How is my data secured?

We are constantly refining our security measures to meet the rapidly evolving threats in the digital space (like viruses, attackers, hackers and all the other bad guys snooping around the internet), as well as to protect against the every day disasters that Murphy's Law provides us (like fires, floods, thefts, and accidents). We apply classic principles of secure programming with the knowledge of the latest advances threats and countermeasures. Sometimes the principles sound vague, but below we explain them and identify some of the ways in which they are employed. We would rather you understand why your data is more secure with Fast Lane Communications than just take our word for it.

We harden every server and network device and place it in the secure Fast Lane Communications datacenter. This means applying the time-tested security principles of "Least Privilege" and "Economy of Mechanism." In simple terms, it means we remove every program and close every port that isn't absolutely necessary for our systems to operate, and we restrict physical access and enforce strict rules regarding the environment in which the machines are kept. It's sort of like the military principle of information on a need-to-know basis. Unlike your home or office computer, Fast Lane Communications machines are there to serve one, and only one, purpose - securely storing and managing your data. There are no additional programs for hackers to exploit. Our computers are housed inside locked cages in a temperature-controlled facility with redundant power, connectivity, and fire/flood protections. Access is monitored and granted to authorized-personnel-only, and food and drink are prohibited. These efforts enable us to dramatically reduce the potential avenues of attack for would-be wrong-doers and the chances of freak accidents.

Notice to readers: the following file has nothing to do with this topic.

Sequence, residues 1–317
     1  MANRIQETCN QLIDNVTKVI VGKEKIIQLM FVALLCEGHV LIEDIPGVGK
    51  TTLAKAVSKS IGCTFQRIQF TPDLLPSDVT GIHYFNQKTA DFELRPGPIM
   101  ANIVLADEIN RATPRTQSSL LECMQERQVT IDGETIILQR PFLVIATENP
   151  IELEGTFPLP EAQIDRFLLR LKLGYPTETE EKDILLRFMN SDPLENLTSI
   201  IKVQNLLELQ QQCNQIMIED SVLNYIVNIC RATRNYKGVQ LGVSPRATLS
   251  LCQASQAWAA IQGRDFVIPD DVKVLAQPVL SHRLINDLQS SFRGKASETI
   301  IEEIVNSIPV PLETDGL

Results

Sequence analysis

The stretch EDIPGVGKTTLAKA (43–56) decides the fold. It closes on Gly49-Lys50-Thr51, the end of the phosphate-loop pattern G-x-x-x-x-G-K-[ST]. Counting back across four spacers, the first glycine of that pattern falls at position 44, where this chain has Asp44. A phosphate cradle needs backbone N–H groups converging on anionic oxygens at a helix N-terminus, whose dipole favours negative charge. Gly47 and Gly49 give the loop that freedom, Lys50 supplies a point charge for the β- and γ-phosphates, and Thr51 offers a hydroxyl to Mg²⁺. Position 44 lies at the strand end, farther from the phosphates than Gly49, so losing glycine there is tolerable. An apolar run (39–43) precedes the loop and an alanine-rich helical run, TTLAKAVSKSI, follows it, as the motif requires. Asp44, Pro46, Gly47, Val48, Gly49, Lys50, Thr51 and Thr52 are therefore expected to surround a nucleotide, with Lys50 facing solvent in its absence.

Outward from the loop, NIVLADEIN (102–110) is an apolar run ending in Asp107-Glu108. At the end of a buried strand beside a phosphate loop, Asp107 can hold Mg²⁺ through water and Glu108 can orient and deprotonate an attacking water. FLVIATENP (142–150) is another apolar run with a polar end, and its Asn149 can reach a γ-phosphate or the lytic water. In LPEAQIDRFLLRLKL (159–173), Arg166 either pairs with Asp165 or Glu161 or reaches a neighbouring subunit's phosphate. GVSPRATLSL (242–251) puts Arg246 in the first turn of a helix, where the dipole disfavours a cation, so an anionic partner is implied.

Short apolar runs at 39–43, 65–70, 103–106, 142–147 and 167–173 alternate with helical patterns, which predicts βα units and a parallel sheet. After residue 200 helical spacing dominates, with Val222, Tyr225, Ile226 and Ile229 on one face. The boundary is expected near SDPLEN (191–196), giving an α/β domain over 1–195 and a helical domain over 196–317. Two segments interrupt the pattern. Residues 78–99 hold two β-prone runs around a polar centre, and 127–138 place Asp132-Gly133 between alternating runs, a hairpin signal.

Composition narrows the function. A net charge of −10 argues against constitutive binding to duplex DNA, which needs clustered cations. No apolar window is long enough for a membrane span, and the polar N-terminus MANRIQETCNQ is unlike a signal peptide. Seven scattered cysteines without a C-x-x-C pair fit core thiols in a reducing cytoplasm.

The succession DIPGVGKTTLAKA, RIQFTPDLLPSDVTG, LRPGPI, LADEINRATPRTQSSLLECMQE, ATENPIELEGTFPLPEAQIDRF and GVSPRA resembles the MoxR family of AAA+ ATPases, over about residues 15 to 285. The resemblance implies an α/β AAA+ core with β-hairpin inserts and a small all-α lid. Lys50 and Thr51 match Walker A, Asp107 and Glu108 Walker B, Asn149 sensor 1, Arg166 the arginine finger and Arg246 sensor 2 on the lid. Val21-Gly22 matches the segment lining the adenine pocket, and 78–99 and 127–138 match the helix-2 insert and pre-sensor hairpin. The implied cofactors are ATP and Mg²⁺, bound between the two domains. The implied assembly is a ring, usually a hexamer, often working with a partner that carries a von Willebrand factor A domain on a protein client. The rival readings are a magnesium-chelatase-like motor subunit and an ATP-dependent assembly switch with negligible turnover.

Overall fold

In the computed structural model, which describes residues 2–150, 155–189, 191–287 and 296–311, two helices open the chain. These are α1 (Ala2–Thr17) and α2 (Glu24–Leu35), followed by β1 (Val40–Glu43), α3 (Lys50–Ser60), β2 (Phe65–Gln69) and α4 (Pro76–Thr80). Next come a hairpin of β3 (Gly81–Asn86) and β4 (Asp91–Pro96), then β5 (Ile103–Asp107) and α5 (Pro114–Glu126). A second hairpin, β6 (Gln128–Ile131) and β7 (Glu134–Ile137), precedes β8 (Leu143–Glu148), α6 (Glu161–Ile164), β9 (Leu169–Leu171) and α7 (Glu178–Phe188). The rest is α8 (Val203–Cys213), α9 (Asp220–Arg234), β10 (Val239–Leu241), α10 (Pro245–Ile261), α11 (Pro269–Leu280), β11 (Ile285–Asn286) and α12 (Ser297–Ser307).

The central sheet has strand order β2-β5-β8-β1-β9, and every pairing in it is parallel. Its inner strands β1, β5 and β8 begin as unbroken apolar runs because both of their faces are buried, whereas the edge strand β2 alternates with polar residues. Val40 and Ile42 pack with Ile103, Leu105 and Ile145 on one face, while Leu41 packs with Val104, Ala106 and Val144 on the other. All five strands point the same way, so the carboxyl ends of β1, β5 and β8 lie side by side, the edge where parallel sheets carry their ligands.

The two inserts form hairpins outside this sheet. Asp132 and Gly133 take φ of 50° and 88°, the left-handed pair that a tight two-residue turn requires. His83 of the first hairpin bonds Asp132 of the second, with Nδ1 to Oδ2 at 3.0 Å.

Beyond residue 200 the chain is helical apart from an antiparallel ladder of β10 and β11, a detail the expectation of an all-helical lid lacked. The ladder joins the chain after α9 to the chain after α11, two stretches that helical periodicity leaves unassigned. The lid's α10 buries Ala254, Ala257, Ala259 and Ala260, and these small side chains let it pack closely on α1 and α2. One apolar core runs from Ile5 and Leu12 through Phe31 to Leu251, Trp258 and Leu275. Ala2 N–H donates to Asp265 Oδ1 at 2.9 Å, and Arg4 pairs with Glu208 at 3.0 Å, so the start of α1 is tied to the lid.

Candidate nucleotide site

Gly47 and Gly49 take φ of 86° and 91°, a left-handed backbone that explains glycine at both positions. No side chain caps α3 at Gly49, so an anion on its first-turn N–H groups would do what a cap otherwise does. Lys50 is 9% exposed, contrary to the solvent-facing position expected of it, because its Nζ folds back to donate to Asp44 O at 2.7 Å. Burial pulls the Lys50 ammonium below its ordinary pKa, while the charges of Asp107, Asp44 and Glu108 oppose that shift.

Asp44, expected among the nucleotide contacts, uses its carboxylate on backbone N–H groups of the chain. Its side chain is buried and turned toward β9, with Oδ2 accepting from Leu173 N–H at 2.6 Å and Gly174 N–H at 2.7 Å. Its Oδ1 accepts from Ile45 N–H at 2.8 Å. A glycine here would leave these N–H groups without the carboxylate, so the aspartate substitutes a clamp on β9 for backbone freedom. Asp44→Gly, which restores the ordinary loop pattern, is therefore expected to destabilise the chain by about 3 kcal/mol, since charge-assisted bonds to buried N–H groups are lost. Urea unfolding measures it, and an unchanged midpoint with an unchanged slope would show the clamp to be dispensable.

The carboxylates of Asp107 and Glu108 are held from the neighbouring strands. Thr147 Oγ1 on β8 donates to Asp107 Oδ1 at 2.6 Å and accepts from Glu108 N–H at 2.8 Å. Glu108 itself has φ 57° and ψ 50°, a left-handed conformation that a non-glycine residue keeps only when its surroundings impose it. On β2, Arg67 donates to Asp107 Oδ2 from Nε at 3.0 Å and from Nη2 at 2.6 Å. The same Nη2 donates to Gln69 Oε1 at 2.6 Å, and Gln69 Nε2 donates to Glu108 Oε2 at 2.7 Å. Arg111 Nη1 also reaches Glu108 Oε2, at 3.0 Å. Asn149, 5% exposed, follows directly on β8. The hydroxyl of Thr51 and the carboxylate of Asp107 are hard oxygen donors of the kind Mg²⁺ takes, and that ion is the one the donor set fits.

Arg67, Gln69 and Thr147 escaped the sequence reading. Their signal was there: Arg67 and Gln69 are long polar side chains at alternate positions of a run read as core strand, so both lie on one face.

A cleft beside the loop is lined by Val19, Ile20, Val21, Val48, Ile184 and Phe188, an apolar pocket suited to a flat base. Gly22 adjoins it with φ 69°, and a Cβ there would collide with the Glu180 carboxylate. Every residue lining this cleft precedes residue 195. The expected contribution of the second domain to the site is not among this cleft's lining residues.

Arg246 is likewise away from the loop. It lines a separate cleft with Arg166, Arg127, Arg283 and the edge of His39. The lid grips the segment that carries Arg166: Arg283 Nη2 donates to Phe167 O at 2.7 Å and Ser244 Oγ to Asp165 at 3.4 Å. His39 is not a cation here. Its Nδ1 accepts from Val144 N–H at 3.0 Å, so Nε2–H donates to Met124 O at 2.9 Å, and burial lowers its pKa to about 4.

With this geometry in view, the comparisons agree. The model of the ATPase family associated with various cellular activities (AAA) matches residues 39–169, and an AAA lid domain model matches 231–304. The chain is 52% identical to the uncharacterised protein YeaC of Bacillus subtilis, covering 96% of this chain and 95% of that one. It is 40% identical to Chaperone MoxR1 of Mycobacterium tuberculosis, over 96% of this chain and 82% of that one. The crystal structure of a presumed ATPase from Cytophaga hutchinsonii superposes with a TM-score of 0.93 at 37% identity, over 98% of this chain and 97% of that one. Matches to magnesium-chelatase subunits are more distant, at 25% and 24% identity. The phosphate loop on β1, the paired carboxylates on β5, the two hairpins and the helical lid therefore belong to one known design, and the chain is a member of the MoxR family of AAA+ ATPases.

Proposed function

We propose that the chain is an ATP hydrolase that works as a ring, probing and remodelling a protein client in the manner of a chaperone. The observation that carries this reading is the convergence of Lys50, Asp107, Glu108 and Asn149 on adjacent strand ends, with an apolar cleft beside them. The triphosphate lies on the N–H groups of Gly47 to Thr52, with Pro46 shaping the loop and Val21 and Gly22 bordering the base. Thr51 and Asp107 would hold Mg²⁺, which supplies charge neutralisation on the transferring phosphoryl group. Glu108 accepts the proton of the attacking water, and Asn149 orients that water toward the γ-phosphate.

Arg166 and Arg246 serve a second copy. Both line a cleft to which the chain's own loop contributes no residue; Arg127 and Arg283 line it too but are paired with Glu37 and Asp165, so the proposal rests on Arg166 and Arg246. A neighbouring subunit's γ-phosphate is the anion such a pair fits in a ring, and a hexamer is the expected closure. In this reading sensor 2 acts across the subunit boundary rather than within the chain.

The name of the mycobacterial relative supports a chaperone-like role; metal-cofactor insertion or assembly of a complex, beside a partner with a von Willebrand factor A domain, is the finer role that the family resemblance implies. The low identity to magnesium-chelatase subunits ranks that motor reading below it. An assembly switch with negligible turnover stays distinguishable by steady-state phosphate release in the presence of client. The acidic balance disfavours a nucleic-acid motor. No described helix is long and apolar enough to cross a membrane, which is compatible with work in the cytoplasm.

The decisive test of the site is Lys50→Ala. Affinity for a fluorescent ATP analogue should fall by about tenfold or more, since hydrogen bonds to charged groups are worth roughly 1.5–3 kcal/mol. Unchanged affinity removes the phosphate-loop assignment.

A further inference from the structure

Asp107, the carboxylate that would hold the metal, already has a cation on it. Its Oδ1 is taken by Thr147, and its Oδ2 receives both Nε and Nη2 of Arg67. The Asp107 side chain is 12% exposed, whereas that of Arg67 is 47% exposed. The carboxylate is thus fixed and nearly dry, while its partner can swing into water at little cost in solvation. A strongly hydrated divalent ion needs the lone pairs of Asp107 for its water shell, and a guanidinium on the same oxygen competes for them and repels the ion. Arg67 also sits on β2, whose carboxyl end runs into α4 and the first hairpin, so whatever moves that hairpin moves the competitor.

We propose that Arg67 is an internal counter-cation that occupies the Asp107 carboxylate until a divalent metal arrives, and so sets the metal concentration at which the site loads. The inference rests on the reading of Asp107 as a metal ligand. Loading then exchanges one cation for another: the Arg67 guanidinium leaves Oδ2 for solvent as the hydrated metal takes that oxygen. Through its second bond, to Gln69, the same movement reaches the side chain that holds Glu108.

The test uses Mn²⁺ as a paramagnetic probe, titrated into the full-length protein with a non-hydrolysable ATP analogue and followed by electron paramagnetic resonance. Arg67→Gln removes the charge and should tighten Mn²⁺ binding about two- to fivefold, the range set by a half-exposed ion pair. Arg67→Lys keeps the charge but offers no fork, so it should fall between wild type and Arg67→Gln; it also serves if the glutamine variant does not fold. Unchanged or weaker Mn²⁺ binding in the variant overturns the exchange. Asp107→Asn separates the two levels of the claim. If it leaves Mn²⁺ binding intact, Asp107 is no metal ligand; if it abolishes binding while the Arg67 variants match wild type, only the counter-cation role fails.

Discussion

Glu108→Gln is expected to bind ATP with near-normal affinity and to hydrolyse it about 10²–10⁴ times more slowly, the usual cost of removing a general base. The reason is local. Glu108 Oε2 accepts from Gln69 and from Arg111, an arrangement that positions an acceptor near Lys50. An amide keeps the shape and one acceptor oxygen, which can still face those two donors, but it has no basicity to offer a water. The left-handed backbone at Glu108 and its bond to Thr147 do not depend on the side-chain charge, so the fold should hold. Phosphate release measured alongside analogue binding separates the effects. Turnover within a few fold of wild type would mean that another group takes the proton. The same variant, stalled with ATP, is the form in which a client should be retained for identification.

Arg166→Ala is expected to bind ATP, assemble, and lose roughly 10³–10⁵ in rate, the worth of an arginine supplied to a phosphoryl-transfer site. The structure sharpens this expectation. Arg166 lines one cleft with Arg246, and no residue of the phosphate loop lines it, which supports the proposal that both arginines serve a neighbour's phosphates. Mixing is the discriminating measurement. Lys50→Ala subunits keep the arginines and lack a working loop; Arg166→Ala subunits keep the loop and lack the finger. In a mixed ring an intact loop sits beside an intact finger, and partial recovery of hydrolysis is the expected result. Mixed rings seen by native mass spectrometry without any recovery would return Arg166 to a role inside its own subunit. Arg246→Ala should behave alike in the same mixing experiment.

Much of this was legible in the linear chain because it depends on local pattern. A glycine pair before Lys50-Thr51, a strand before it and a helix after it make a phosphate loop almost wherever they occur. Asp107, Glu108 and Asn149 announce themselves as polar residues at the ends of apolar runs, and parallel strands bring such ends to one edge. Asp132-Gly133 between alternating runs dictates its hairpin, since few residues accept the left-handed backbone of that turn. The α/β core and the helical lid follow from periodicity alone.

We work hard to be open about the security we provide and make it practical for our users. The first guiding principle here is known as "Open Design." In lay terms, this means decoupling the mechanisms we use to provide security from the keys we use to enforce the protection. By making the system details transparent we 1) allow our systems to be examined by experts and reviewers who can offer us feedback on future theoretical attacks or existing vulnerabilities, and 2) need only protect a small amount of discrete information. The second rule applied here is "Psychological Acceptance." This means the security protocols we've chosen to implement have to be simple enough to be understood by our end users, and easy enough that we can actually count on you guys to follow them. Hopefully this explanation has helped to provide a better understanding of how we work with you to practice security, and hopefully our software will make it straightforward and painless for you to execute on it.